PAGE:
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    Quote Originally Posted by hills191 View Post
    pension? Doesn't sound like a volunteer department. We don't get pensions. Or anything. We are VOLUNTEER.
    There is a "pension in Wisconsin if your VFD chooses to participate.
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    Quote Originally Posted by Bones42 View Post
    Amazing how one small statement can tell you fathoms about a department.
    Too true...
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    Bottom line is that your VFD has a training standard, which you are fully aware of, and you failed to meet that standard.

    The fact that you are a career firefighter is, IMO, irrelevant. As pointed out by Fryed, your career FD would likely not allow you volunteer training time to meet their standard, so why would you expect the VFD to allow you to use your career hours? Because they are career hours, which form your tone, I get the feeling that you you seem to think are better?

    The fact is that I am a career member as well, but my VFD fully expects me to meet their in-house standard. Do they count all the stuff that I do at my career department when totaling hours, but in the end, I must attend 50% of my VFD's weekly training. Period.

    And by the way, I also teach for the state training agency, do classes for free for other departments and work another part-time job on weekends, so I fully understand that time can be an issue.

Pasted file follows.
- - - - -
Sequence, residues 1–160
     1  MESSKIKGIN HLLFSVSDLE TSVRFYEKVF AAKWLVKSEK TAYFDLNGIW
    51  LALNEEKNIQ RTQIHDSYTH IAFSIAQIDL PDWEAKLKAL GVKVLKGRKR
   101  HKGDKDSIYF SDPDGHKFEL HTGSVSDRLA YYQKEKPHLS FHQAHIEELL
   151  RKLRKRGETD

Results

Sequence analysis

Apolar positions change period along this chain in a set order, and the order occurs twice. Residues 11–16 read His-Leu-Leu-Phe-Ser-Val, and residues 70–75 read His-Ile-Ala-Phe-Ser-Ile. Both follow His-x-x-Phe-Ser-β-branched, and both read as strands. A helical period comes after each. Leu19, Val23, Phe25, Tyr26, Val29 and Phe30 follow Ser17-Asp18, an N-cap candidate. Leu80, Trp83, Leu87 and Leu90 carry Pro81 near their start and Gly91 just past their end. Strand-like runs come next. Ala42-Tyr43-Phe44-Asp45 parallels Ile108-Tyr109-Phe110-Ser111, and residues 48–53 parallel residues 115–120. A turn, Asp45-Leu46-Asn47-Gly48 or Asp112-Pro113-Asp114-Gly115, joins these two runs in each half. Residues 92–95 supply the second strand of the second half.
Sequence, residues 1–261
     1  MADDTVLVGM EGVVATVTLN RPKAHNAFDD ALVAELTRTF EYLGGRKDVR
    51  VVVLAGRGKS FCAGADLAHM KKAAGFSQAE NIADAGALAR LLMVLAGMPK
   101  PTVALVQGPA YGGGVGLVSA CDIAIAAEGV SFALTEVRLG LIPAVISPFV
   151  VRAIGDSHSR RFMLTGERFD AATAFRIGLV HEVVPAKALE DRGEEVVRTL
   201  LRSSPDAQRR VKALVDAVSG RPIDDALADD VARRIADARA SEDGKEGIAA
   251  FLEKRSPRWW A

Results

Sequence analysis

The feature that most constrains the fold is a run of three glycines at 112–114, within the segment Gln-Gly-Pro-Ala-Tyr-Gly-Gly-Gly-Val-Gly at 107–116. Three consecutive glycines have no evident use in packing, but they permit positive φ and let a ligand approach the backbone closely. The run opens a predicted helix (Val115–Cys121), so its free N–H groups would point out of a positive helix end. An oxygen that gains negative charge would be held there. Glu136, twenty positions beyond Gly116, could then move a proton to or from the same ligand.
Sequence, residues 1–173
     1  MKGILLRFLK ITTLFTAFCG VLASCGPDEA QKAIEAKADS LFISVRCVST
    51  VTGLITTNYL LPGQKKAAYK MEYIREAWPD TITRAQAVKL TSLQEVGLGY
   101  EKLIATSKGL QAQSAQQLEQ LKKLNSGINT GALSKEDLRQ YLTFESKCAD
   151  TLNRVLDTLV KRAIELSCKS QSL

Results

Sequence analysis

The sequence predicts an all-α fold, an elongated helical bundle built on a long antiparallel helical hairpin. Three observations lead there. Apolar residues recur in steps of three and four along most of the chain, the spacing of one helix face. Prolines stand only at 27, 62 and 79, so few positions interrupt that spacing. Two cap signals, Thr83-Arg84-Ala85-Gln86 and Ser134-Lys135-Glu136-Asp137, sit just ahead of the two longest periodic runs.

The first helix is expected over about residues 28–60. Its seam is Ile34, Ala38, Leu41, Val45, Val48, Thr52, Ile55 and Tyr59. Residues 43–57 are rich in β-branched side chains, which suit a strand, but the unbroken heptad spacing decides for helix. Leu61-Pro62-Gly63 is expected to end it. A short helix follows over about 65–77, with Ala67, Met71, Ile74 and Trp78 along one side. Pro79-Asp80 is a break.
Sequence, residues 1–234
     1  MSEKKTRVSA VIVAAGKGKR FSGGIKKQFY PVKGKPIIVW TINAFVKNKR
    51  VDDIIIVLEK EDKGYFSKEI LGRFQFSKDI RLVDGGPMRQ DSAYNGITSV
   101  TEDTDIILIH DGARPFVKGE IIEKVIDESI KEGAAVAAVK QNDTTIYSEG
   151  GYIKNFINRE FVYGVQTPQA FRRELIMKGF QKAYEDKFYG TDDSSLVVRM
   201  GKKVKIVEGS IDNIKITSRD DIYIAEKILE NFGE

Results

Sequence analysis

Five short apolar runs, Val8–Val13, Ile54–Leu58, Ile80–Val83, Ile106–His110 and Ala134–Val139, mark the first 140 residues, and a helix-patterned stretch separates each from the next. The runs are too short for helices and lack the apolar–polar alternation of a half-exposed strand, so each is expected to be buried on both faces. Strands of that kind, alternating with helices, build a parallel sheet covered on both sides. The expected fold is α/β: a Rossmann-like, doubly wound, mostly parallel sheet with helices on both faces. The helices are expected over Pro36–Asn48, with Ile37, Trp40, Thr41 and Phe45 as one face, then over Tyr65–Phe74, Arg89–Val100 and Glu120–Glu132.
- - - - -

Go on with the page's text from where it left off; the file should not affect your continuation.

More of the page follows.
I'm sorry that you seem to have so much discontent with the management and officers of your VFD, but in the end, it's only fair that you meet the same in-house standards that all the other members must meet.

    Any thoughts on why the Chief seems to have such a hard-on for you?
    Last edited by LaFireEducator; 07-06-2014 at 12:09 PM.
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    Quote Originally Posted by LaFireEducator View Post
    Bottom line is that your VFD has a training standard, which you are fully aware of, and you failed to meet that standard.

    BINGO! I said that to him repeatedly.

    The fact that you are a career firefighter is, IMO, irrelevant. As pointed out by Fryed, your career FD would likely not allow you volunteer training time to meet their standard, so why would you expect the VFD to allow you to use your career hours? Because they are career hours, which form your tone, I get the feeling that you you seem to think are better?

    I didn't get the impression that he felt he was better. More so that he expected a special break because he did training elsewhere. Having been career and a member of 2 POC FDs at the same time I never tried to use any other FDs training to cover any other FDs requirements.

    The fact is that I am a career member as well, but my VFD fully expects me to meet their in-house standard. Do they count all the stuff that I do at my career department when totaling hours, but in the end, I must attend 50% of my VFD's weekly training. Period.

    Every FD sets its own training requirements, and to me it would be a pretty generous one that allowed you to use another FDs training in place of their own. The issue to me would be content control, local relevance, and time spent actually training.

    And by the way, I also teach for the state training agency, do classes for free for other departments and work another part-time job on weekends, so I fully understand that time can be an issue.